Paul Anderson and The Big Pull Pt 1 – Introduction to The Pulls

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People often overlook or simply don’t know that Paul Anderson, among his many astounding feats, was a world-class Olympic weightlifter.  In this new series we are going to explore Paul’s practices and methodologies used for developing his pulling power. 

What is Pulling Power?

You might think Pulling Power is referring to rows or back strength, and if you did you’d be wrong.  Try and keep up.  Kidding.  Pulling Power can actually be a bit of a confusing phrase at first.  You see, in the sport of Weightlifting (not to be confused with Powerlifting) one of the initial phases of each lift is referred to as “the pull.”  You’ve probably even heard someone refer to their deadlift as a pull, or even a workout style being referred to as a “Push-Pull” day. 

Confused yet?  I don’t blame you.  Lets begin this new series by first clearing up some of the common terminology or nomenclature, if you will, in the weight-room. 

The word “pull” can be used to describe many movements in the weight-room.  For our purposes in this series, and my obnoxious tendencies as a weightlifting purists, we are using the word “Pull” to specifically refer to the initial phases of the competition lifts in the sport of Weightlifting:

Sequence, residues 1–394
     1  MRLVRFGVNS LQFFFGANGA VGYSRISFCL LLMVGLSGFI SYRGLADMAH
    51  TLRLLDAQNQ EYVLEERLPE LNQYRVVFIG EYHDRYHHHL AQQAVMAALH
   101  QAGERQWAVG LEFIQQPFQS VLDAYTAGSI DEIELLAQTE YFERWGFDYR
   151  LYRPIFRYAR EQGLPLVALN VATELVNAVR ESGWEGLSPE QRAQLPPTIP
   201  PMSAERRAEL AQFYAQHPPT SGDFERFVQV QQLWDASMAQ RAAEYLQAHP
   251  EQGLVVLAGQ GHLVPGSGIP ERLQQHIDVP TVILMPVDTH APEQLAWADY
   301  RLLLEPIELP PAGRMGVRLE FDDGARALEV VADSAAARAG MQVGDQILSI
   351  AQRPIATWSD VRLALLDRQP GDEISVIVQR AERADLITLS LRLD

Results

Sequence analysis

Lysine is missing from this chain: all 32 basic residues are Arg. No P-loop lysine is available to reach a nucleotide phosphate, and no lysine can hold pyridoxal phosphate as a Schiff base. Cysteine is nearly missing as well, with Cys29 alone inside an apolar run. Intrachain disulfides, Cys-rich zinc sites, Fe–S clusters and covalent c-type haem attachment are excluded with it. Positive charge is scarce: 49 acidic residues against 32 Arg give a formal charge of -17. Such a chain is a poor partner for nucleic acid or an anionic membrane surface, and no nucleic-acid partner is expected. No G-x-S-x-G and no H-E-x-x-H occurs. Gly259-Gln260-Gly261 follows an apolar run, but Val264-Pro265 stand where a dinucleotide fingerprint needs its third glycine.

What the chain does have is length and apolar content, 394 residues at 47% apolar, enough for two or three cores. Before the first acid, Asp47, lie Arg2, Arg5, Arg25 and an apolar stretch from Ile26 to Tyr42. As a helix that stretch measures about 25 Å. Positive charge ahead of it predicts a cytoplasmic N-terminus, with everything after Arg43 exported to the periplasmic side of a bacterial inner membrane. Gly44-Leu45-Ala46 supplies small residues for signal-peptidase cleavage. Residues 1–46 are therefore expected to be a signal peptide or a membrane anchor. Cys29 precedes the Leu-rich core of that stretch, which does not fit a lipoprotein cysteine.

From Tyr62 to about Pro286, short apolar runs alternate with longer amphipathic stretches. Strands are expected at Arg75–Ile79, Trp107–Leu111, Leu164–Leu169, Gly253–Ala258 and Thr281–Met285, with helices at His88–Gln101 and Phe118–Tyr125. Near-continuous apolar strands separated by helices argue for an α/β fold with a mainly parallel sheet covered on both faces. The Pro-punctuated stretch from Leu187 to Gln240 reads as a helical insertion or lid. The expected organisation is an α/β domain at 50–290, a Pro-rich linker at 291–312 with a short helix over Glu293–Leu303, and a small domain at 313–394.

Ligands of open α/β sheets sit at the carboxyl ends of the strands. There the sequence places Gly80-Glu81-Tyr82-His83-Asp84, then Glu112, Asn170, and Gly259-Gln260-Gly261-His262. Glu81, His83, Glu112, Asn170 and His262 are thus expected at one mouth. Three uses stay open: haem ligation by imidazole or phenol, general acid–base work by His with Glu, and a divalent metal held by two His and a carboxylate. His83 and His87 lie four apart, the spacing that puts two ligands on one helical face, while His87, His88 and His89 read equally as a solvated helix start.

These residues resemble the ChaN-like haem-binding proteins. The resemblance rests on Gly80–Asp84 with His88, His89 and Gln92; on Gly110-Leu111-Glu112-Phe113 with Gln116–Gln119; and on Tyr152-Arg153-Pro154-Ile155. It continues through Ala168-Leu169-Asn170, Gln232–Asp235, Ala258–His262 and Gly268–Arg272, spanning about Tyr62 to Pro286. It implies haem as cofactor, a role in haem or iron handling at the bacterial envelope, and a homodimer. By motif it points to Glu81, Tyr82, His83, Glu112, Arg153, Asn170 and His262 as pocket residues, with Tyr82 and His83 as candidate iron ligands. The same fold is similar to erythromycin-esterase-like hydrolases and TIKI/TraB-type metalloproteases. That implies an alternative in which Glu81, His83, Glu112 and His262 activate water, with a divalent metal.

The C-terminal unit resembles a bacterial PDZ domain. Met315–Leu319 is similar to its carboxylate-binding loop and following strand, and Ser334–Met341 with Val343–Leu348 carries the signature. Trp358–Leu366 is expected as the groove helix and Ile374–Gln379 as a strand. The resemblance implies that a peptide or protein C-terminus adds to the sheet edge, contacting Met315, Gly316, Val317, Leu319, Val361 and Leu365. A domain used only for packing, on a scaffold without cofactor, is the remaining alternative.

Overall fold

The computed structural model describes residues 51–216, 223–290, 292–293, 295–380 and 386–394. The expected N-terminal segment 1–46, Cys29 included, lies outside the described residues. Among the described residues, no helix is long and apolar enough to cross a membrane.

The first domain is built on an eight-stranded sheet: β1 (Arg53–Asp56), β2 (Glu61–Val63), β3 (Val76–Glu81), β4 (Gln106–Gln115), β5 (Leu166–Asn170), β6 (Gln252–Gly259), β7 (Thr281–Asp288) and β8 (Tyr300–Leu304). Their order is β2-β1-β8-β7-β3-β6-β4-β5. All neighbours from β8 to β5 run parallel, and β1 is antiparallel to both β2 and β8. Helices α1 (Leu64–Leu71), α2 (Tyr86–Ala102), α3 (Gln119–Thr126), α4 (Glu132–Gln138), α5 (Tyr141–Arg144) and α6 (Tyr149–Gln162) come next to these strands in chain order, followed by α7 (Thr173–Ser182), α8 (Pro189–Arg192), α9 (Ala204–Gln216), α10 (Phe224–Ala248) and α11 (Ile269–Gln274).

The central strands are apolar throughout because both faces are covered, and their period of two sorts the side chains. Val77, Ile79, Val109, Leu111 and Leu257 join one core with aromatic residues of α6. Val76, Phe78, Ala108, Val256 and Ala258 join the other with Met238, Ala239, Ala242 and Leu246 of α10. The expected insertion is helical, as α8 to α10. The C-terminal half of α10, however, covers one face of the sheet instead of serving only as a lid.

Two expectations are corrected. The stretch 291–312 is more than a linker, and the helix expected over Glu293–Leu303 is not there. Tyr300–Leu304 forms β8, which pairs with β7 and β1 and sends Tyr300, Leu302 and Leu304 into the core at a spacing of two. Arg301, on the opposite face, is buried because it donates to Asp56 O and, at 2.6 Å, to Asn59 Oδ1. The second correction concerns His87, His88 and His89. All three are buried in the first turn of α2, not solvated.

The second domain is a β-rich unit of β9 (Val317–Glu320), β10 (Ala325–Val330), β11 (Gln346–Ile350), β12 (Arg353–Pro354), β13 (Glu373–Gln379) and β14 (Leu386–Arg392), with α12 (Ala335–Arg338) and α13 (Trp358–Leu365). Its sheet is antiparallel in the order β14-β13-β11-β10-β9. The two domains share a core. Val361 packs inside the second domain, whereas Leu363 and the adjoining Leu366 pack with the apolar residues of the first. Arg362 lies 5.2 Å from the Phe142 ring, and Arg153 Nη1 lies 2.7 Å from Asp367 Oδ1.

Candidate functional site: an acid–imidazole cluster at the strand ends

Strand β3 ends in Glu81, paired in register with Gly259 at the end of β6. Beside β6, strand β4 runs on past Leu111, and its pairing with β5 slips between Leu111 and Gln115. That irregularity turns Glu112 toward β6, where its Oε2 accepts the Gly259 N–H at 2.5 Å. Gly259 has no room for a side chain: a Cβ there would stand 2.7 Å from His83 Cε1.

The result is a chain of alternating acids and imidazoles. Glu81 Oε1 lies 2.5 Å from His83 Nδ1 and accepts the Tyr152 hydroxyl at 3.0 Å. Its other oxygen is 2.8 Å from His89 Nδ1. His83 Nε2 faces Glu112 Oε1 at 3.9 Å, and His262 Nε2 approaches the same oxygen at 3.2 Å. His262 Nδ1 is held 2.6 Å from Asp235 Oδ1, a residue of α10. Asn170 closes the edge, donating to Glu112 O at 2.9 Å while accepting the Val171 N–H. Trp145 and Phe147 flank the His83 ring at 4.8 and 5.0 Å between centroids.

• the Clean and Jerk
  • the Snatch

There are 3 phases of “Pulls” for these 2 lifts; creatively known as the first, second, and third pull.  To make things more complex, different schools of thought have different names for these and even more or less phases.  However, these 3 Pulls should be universal.  

Developing Pulling Power

To develop pulling power from the floor to the chest, or overhead, we need to realize that each of these three phases of pull utilizes three different muscle groups.  The “First Pull” of the bar from the floor is made possible PRIMARILY by the muscles in the quadriceps, hamstrings and hips.   This continues until the bar travels up the mid-shin point where the “Second Pull” begins. Here the lower back starts lending aid and almost completely takes over until the bar is up to the “High Hang” position.  In this position we begin the “Third Pull.”  It is essential here to get good contact with the bar in the hip crease, ensuring you get full Triple Extension (extension of the ankles, knees, and hips) to ensure that the bar can travels upwards as high as it needs to. 

During Paul’s heyday, some would say that there are only two different phases to the pull. Paul believed this misconception to be a big limiting factor for lifters of the time. 

Of the three now universally (pretty much) agreed upon phases of the pull Paul believed the last phase to be of the utmost importance.   The “Third Pull” is mostly performed by the trapezius muscles and the arms.  Paul believed this last Pull enabled lifters to give that last little something that pulls in a heavy clean or snatch are lacking.

Conclusion

Stay Tuned! Now that we are all on the same page with terminology, in Part 2 we are going to start breaking down each phase of the Pulls and looking at how the legend, Paul Anderson built a big Pull!

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